All of this is what makes it so important that the court not be deprived of any of the resources legally available to it as it attempts to keep safe all the pertinent rights of the accused as well as all the other members of the community.
And yet, there are those today who seek to do precisely that: if not remove entirely, then weaken substantially, the most effective tool the court has in meeting appropriate bail objectives. This is what we mean by “handcuffing” the court. These advocates attempt to persuade state legislators, county government and law enforcement officials as well as other local opinion leaders to significantly limit the court’s use of one of the two methods available to the court to ensure appearances.
The two methods the court has to hand may be adequately described as “secured” and “unsecured” meaning, in the first instance, someone places with the court something of tangible value which would be “forfeited” should the accused fail to appear and in the second instance the accused would be released based solely upon his promise to reappear as instructed.
Is there anything inherently defective with either of these methods? No, there is not. There are times, surely, when the accused may be justifiably released with no tangible security to motivate his reappearance. There are others, however, when that promise alone will not suffice, and other influences are required to be brought to bear to keep that release within the established confines of the Eighth Amendment. These advocates should not, therefore, be so hasty to argue for diminution in the use of “secured” release and an increase in the use of “unsecured” release. And this especially when all the evidence on the subject of which method is most reliable establishes, without exception, that secured release significantly outperforms unsecured release in getting persons to court. Credible studies demonstrate this conclusively. And if one just thinks on this a bit, the reason why becomes obvious: the likelihood of performance in any endeavor is enhanced when there is something to lose by virtue of non-performance. It is no different in bail: if there is something of value to be lost by not appearing then the chances of appearance increase substantially. But the converse is also true: if there is nothing to lose by absconding, the temptation to skip out on court becomes stronger.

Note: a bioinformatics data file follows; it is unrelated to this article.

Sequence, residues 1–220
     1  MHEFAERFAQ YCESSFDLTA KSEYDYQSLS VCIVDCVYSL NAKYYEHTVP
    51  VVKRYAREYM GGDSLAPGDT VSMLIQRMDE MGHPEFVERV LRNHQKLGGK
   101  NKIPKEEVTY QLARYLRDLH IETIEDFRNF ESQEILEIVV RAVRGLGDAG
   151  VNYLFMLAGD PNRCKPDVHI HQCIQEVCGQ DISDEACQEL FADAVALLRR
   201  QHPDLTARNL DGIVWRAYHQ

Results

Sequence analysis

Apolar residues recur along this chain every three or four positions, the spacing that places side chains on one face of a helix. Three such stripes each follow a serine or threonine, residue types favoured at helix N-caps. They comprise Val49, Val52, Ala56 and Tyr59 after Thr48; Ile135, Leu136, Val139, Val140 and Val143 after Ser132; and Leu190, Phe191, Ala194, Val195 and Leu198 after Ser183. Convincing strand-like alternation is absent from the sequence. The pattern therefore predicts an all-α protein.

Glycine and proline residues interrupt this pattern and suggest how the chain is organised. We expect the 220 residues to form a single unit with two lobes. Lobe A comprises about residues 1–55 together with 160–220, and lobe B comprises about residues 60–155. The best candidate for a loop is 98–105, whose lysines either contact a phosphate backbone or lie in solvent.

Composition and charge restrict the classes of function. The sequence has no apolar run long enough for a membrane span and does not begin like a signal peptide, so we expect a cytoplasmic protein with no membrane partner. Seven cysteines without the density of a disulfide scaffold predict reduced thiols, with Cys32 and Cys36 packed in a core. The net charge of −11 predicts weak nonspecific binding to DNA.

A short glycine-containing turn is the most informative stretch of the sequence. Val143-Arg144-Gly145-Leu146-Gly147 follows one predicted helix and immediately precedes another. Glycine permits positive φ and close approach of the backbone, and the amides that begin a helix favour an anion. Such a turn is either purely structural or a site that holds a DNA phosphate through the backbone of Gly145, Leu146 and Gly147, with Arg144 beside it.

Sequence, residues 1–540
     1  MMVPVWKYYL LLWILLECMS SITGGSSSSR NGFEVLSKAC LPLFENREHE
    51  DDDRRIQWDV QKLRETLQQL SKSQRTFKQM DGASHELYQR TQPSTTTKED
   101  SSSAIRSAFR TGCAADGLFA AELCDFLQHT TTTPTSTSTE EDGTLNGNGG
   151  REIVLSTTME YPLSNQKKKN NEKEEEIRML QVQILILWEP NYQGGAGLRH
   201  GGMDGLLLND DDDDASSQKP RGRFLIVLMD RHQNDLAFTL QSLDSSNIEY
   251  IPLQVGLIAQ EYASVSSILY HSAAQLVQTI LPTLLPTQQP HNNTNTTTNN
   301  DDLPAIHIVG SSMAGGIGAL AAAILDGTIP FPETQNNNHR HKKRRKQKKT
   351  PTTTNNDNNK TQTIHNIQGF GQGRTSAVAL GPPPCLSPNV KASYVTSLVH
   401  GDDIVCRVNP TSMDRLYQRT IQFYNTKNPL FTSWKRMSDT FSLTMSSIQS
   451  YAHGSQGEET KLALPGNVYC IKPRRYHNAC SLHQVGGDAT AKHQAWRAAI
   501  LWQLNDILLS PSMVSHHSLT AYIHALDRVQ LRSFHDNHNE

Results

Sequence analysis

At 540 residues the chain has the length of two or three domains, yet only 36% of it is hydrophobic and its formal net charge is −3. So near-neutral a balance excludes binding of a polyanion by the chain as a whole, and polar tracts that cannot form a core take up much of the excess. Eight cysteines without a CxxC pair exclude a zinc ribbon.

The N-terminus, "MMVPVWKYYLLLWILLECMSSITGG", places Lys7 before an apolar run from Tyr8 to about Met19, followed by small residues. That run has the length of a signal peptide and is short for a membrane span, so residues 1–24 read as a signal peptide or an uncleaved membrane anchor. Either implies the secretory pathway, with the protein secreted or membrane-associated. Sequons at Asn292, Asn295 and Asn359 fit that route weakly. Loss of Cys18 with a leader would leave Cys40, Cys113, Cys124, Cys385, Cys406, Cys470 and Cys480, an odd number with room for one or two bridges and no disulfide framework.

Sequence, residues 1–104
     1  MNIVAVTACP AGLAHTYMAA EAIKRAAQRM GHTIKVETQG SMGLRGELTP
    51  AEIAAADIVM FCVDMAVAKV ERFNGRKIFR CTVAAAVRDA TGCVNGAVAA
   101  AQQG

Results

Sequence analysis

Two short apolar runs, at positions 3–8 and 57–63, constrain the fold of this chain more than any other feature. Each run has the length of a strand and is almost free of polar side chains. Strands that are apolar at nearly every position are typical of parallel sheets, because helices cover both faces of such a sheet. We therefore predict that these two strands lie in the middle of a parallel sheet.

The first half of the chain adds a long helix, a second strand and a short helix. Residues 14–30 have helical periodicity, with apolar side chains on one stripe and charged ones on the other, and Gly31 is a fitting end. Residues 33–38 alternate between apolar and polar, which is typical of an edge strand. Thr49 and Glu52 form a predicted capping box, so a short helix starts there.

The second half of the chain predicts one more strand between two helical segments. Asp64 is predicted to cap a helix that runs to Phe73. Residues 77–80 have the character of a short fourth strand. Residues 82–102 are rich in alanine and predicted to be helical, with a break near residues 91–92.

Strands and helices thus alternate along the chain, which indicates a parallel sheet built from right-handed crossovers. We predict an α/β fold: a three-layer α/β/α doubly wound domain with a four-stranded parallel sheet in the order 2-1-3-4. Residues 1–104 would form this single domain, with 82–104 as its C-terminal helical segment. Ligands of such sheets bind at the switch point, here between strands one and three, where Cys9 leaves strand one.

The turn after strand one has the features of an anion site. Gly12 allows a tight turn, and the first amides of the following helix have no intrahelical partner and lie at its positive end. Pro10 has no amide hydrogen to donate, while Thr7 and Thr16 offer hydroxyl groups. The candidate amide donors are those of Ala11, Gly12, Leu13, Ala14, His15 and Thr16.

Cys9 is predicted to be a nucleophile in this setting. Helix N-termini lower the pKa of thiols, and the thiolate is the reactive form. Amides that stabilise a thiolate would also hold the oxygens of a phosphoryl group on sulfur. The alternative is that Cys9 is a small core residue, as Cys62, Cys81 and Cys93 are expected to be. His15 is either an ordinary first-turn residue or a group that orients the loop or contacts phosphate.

And getting persons to court is only one of the several ways in which secured release trumps unsecured release. Another of the benefits of secured release is lower recidivism among those out on bail which in turn of course results in fewer crime victims. There are also significant economic benefits to local as well as state governments in addition to less wasted time and resources for the courts. The reduction in extra work for law enforcement in trying to chase down those who flee is another advantage.
Why, then, would anyone lobby for reducing the courts’ use of the secured release option? There are a number of theories. No doubt one, some, of all of them are correct.